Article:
Jangir was wanted for the murders of Randal and Annette Grimes, of Douglas, Nebraska. Both victims were found deceased in their home after the Otoe County Sheriff’s Office responded to reports of gunshots at 100 Otoe Street in Douglas at approximately 6:00 a.m. Saturday, March 23.

 

 

Thu
28
Mar
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Talent galore leads PCHS to 4th at State Speech

Okay, who would you say is the funniest kid in school?

Granted, there are several to choose from but after watching the speech team perform their semesterlong work Monday afternoon, I may vote for Wyatt Whiffen.

He was part of the team that placed fourth at the state meet last week in Class D1. He and Elli Stephens got fifth in duet. The other place winners were: Eve Beethe, first in serious prose; Reyana Tegtmeier and Eve Beethe, fourth in duet; and Oral Interpretation of Drama team of Olivia Gottula, Reyana Tegtmeier, Wyatt Whiffen, Elli Stephens and Eve Beethe got second.

If you want to know why I think Wyatt may be the funniest kid, you should have been at the school Monday. It was very entertaining to watch the kids perform and to be honest I was very impressed with the level of talent.

 

 

Thu
28
Mar
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Pawnee City selects new architect

Pawnee City has a new architect for the Cornerstone Community Building. That firm is Carlson West Povondra-CWP from Omaha. They are the third firm on the list the City Council started with. Negotiations broke down with the first choice and the second choice turned down an offer to discuss the project.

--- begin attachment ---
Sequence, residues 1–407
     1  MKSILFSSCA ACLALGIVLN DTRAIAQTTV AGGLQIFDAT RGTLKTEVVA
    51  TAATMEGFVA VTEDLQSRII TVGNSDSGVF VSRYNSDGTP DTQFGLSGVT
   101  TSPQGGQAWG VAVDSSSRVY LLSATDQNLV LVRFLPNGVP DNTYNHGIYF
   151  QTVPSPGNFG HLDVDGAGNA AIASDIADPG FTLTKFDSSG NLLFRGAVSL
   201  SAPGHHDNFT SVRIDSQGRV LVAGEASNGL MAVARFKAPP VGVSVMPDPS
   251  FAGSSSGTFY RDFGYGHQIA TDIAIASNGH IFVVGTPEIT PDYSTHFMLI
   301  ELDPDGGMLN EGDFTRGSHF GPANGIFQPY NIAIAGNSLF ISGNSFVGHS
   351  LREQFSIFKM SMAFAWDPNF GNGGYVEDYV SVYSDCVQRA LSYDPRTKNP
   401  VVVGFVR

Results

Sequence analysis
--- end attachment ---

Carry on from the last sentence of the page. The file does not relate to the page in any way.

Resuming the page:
Mayor Deb Klein met with the new architect at City Hall Monday afternoon before Monday night’s meeting. Clerk Tammy Curtis said the new firm is very eager to do the project the way the city wants it. That was a big selling point to the city who has had trouble getting on the same page with previous selections.

The most spirited discussion of the meeting was the issue of unlicensed cars. At the meeting to ask questions and make suggestions were Frank Burcham, Willy Amos, and Jerry Graham.

The Council adopted a new hobbyist permit that will give owners of unlicensed cars six months to get them fixed up. They can apply for another six months after that.

 

Thu
28
Mar
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Flint Hills Outlaws coming

The Flint Hills Outlaws will soon be known to this area when they perform at the Table Rock Fair August 10 and the Pawnee City Historical Day September 21. We asked Lisa Mooney of the group to tell us about them.

Q: Who are the Flint Hills Outlaws and how did they get started?

A: A few of the women were in a horse riding group called Wild Women of the Frontier. We did parades and mingles at festivals, and about 9 years ago we were asked to rob the Midland Train in Baldwin City, Kan. Every year it got better and we added new things to the train Robbery and we started having gunfighters and we got husbands and friends and guys from other groups and when we added all the guys we needed a new name so we came up with the Flint Hills Outlaws. Some members met thru re-enacting, some friends from church. We are always interested in adding new members. For me it’s a family thing we do together - my husband me and our daughter all are Flint Hills Outlaws

 

 

Thu
28
Mar
Edgar's picture

Donations for flood victims delivered to North Bend

The fruits of all of our labor and donations were delivered to North Bend Junior Senior High School where Emergency Management had their command center set up Tuesday, March 19. The two hour trip up to North Bend went quite well in spite of the rain coming down from 7:30 in the morning when we left, to the arrival time at shortly after 10. Although the water had recessed, the sickening signs of flooding remained. Huge trees were uprooted, topsoil was pushed on down the stream and gullies were everywhere. Whatever vegetation was standing was no longer upright. A pontoon boat was on its side in the Platte River. Household items were strewn in unexpected places, scattered on the ground amidst branches. As we drove into North Bend from the south, we saw the downtown area laced with sandbags in the doorways of every business, but even the sandbags couldn't completely stop the water from getting under the doors. Mud and muck were everywhere and signs limited where you could drive.